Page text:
One of the greatest things about jazz is how two artists, with their individual styles and backgrounds, can collaborate. What comes out can be remarkable. Jazz is a language that can be progressed, built upon and pushed forward. Collaborations can change the feel of music and affect space and time. When that happens it is obvious as in the case of the album “Temporary Kings.”
Jazz Pianist Ethan Iverson and saxophonist Mark Turner come together to create an incredibly distinct and cerebral jazz that album shows both masters at work. The album “Temporary Kings”, is elegant and brings the growing field of chamber jazz to the front of the jazz music scene. Iverson, from the renowned jazz piano trio Bad Plus, came to the project after many successful solo recordings and blogging extensively about jazz and music. The album is his first release with jazz saxophonist Mark Turner. Turner and Iverson first met in the early 90’s New York City jazz scene. Those early jam sessions cemented the artists’ respect for each other. From that point forward the artists worked together most notably in the Billy Hart Quartet and have written for each other on different recording projects.
On “Temporary Kings,” Ethan Iverson and Mark Turner are able to construct a mix of progressive smooth style and Cool School influences that can be heard throughout the album. The album consists of 9 tracks that showcase the artists’ depth of knowledge and artistry. Iverson wrote six of the tracks while Turner wrote two on this album. The last track is a cover of Marsh’s “Dixie Dilemma” that both musicians felt was a great addition to giving the album its vibe. Each production is a solid step progressing the art form forward. The musicians interact with each other dynamically pulling the listener in unmistakably strong directions. Turner’s saxophone creates an elegant contrast to Iverson’s impactful piano style and drive. Iverson says the album’s name refers to their amazing experience recording the album: “We were momentary royalty or something in this lovely environment before we came back to reality and back to Brooklyn where Mark takes his kids to school and I play for dance classes.”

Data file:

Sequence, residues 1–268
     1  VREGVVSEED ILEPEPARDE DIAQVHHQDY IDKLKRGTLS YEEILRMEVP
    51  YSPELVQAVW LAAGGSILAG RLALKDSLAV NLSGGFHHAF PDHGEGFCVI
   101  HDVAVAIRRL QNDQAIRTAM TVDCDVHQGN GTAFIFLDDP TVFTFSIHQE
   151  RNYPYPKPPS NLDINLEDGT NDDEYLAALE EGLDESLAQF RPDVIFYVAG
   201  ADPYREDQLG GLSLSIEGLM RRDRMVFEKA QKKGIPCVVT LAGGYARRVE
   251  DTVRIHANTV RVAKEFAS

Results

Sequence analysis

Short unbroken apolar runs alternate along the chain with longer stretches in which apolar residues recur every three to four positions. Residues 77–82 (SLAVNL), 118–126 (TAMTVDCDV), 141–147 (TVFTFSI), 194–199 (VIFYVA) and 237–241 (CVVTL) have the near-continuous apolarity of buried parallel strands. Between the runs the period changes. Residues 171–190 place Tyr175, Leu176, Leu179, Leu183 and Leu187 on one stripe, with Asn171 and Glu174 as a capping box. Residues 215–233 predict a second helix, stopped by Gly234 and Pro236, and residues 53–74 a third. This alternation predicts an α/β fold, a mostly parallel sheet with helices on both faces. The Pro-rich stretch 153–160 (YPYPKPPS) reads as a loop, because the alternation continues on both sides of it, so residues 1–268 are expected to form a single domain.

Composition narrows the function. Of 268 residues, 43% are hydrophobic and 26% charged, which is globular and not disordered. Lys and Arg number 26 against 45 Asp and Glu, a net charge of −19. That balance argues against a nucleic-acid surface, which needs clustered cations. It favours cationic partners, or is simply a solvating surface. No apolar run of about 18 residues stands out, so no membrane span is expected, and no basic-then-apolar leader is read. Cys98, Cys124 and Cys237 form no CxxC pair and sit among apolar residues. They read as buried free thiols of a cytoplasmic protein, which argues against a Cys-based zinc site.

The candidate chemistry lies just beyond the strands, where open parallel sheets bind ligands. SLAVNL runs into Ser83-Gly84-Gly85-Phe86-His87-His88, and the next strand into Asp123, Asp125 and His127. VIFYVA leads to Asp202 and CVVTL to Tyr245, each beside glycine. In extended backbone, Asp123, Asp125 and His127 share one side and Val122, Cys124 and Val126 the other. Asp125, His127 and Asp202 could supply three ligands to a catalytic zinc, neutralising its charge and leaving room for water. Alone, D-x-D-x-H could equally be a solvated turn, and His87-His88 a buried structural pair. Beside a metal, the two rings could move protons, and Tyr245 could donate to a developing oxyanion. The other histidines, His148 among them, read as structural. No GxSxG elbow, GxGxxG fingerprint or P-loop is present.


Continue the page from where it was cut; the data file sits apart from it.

Iverson and Turner are both amazing musicians and “Temporary Kings” is a great example of chamber jazz and the direction it is going. This album is the definition of cool and will continue to find an audience because of the skill and proficiency of the artists. The duo has tour dates planned for select cities.
Article Written By Michael Brigger